|I recently lost out on a great job because I couldn't pass the coding challenge. I was given a header file that I COULD NOT modify, and asked to fill it out with a stack with a linked list backbone. The problem was to reverse stack data (integers) such that nodes 1..4 contained 1, 2, 3, 4, and the output would be 4, 3, 2, 1. I easily wrote this, with one problem: none of the methods in the class signatures contained any output method other than top(), which returned the top node. Everything else was a void method. So I modified the size() method t]such that it output the values of each node.
I believe this is where I failed. The code contained a "node" class with a data member and a pointer to the next node. The stack class had a pop method, a push method, that size method, top, and that's about it. Both were templates. Other than adding a friend class or resorting to dirty pointer tricks, I could not figure out how to display the data members of the node class.
I really don't understand how this is a valid problem to pose.
Here is the header I was given:
//a basic stack class.
//Implement all member functions in the file stack.cpp.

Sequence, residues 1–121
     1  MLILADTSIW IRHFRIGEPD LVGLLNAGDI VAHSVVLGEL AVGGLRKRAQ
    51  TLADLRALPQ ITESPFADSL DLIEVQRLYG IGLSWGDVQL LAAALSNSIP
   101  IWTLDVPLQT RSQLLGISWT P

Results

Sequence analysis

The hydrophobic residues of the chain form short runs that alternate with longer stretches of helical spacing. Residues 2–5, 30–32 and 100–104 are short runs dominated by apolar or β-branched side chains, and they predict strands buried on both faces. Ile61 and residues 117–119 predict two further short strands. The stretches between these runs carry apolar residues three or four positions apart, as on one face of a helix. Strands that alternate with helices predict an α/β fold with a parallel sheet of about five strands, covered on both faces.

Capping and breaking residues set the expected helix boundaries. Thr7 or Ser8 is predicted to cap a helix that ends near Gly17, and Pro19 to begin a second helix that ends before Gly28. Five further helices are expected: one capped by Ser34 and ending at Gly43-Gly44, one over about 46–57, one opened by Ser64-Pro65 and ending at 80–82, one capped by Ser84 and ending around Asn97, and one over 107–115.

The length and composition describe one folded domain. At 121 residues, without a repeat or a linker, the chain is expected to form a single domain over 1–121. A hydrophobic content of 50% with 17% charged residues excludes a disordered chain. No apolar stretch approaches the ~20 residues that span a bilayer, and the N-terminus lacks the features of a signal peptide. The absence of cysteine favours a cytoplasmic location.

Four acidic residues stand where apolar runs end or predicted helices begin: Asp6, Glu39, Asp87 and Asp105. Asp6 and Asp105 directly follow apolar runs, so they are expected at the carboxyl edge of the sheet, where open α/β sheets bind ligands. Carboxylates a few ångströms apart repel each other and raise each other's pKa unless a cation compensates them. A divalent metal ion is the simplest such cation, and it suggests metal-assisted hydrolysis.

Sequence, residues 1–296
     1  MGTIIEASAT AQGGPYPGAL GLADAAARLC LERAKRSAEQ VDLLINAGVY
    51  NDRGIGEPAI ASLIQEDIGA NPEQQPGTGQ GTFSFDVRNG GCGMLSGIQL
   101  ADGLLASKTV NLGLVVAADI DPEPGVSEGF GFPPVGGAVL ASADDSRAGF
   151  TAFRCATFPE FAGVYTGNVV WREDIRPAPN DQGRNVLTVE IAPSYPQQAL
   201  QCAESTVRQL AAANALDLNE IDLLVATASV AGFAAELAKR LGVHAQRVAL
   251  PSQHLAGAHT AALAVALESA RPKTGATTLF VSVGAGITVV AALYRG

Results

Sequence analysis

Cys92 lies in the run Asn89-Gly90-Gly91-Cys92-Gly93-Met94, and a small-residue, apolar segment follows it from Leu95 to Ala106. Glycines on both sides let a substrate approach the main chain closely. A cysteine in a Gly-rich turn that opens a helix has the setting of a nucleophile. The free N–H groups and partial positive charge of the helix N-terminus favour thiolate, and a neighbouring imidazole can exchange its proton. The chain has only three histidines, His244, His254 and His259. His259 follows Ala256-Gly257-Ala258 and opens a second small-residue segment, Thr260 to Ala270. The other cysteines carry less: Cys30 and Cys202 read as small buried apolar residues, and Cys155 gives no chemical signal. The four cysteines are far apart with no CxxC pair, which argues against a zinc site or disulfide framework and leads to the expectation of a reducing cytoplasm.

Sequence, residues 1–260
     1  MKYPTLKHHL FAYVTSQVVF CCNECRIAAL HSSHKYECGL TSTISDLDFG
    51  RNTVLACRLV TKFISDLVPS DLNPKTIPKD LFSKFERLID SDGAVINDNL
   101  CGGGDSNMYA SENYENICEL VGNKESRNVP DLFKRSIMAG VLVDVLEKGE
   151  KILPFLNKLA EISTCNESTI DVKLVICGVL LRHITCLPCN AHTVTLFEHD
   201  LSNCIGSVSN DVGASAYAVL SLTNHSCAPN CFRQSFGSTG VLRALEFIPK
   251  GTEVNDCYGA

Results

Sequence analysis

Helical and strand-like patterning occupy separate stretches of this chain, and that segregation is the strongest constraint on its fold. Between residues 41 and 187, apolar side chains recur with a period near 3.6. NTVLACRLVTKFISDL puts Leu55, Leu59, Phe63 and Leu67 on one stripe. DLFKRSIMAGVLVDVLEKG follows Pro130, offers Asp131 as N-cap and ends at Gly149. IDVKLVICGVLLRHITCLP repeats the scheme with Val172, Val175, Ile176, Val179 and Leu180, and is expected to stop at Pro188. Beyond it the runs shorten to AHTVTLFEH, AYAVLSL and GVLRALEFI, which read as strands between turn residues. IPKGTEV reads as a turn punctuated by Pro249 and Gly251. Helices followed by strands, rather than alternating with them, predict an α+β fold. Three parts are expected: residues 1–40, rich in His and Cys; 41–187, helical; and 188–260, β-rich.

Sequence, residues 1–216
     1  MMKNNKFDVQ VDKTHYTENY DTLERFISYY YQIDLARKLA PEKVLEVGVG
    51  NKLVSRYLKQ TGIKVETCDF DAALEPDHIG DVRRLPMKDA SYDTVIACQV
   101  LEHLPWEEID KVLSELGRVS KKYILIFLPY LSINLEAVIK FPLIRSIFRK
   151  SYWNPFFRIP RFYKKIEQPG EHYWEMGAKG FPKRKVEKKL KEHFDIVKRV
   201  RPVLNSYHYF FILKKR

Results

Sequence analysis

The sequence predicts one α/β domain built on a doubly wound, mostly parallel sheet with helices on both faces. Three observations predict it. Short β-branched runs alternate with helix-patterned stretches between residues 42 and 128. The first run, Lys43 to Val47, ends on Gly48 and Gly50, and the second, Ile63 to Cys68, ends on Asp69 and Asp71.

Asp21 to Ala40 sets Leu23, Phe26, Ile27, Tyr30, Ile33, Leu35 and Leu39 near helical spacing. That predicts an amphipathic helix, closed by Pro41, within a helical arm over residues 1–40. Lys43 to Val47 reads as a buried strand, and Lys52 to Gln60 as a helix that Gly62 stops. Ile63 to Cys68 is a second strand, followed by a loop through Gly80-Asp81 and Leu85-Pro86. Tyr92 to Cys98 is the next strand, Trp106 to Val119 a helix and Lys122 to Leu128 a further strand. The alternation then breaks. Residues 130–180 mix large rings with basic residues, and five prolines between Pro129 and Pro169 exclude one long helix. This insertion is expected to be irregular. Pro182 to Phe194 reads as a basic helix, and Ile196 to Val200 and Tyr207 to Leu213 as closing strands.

// then add a reasonable set of unit tests, with output, to main.cpp.
//Don't modify stack.h or CMakeLists.txt at all, unless you spot a mistake.
template <class t=""> struct _node
_node(const T&, _node<t>*);
template <class t=""> class stack
size_t size() const; //return the size of the stack
T& top() const; //return a reference to the top value. Throw an exception if the stack is empty.
void push(const T&); //push a new value onto the stack
void pop(); //remove the top value from the stack. Do nothing if the stack is empty.
void invert(); //reverse the order of the entire stack, so that 1,2,3,4,5 becomes 5,4,3,2,1 and so on.
//Your function should work in the most effecient way you can devise, ideally without allocating any memory on the heap.